Making sustainable polymers from fragrant molecules

A way of making organic polymers from the fragrant molecules in conifers and fruit trees has been developed by scientists at the University of Birmingham.

The technique, developed for 3D printing applications, could lead to a new generation of sustainable materials for use in biomedical applications or prototyping.

Called terpenes, the molecules are found in the essential oils of a wide variety of plants and are often used in fragrances, cosmetics and other household products. Because they are tricky to extract and process, synthetic versions are often substituted.

Terpenes can also be used to produce resins. This makes them extremely interesting to chemists and engineers investigating new sustainable polymers to replace plastics made from petrochemicals. The challenge is to find a way of processing the terpenes efficiently enough to produce interesting materials.

Researchers in the University of Birmingham’s School of Chemistry, have devised a technique for extracting the molecules and converting them into stable resins. By combining them with sulfur-based organic compounds called thiols, the resins can be activated by light to form a solid material. Their results are published in Polymer Chemistry.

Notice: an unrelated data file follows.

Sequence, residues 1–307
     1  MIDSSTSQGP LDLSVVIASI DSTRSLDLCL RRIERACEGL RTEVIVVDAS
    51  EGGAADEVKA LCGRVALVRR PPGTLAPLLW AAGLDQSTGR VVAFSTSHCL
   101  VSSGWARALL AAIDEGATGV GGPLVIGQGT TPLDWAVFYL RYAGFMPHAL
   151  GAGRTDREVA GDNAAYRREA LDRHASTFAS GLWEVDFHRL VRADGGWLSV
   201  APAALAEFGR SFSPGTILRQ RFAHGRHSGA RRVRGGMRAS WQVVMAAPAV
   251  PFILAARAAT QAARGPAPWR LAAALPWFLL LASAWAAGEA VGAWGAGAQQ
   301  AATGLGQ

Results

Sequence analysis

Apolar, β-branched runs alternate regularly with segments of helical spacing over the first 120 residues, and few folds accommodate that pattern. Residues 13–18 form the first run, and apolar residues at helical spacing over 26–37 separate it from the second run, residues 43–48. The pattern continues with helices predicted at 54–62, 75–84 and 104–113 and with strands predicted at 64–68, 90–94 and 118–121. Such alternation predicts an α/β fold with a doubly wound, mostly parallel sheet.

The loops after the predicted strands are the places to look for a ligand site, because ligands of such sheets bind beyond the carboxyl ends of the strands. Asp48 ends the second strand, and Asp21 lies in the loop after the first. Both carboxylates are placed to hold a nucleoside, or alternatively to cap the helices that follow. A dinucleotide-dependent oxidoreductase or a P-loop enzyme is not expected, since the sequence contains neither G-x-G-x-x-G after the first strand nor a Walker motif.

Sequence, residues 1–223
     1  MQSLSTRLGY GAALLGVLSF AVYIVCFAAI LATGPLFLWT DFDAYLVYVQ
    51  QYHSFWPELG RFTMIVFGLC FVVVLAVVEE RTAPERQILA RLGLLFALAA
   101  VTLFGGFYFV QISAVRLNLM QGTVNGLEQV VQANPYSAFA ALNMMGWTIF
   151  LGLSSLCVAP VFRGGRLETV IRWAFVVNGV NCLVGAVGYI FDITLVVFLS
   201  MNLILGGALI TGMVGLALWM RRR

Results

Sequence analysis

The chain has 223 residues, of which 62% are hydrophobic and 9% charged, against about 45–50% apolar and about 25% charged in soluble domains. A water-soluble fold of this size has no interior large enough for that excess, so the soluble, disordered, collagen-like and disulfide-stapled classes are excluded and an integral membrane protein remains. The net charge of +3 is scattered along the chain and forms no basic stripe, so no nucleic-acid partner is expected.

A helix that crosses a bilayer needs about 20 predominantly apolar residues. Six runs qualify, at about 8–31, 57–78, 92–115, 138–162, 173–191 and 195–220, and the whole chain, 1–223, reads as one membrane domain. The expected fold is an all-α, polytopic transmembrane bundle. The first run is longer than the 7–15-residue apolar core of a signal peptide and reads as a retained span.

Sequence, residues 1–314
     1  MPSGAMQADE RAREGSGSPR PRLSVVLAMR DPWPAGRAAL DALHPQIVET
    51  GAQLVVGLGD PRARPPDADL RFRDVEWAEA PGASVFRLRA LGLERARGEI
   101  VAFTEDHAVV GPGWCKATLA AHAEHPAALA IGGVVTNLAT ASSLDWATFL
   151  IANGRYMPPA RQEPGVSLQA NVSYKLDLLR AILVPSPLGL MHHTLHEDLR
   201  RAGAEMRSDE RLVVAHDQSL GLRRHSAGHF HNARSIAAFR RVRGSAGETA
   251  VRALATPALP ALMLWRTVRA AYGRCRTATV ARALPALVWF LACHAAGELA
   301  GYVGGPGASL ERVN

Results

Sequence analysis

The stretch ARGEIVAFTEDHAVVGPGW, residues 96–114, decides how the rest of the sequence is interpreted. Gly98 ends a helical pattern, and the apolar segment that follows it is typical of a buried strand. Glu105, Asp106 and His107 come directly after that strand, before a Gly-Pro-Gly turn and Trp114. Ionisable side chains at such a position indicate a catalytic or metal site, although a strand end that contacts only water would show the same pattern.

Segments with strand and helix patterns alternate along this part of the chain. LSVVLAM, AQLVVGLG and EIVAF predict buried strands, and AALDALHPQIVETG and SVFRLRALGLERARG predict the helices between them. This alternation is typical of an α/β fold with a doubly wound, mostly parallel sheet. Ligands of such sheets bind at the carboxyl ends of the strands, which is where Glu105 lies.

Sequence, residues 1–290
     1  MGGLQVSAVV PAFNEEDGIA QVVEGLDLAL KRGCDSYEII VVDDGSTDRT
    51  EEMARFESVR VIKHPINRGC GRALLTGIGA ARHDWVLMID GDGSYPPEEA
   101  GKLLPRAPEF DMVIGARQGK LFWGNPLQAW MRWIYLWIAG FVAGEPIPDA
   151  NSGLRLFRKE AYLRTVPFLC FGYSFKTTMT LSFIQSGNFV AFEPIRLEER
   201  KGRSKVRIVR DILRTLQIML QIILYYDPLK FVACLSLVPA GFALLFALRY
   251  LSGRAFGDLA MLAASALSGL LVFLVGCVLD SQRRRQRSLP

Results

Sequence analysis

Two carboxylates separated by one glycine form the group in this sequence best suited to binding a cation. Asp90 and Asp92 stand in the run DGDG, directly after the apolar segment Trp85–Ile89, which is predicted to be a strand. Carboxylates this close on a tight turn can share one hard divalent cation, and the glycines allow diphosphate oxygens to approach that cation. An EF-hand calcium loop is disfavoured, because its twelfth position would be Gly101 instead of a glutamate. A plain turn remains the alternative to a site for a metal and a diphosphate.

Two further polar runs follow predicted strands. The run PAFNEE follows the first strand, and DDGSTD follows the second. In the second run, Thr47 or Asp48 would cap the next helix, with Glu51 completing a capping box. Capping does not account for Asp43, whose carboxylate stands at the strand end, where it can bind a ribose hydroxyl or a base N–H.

Processing the terpenes in this way makes them particularly useful in a 3D printing process called stereolithography, where objects are built up in multiple layers and fused together under UV light to form 3D objects.

Lead author, Professor Andrew Dove, explains: “We need to find sustainable ways of making polymer products that do not rely on petrochemicals. Terpenes have been recognised as having real potential in this search and our work is a promising step towards being able to harness these natural products.”

Different terpenes produce different material properties and the next step for the team is to investigate those properties more fully to better control them. Although the fragrances are not key to the terpenes’ material properties, researchers are interested to see if they can also be harnessed in some products.

ENDS

For further information please contact Beck Lockwood, Press Office, University of Birmingham, tel: 0121 414 2772.

Notes to editor:

  • The University of Birmingham is ranked amongst the world’s top 100 institutions. Its work brings people from across the world to Birmingham, including researchers, teachers and more than 6,500 international students from over 150 countries.
  • Dove et al (2019). ‘Terpene- and Terpenoid-based Polymeric Resins for Stereolithography 3D Printing’. Polymer Chemistry.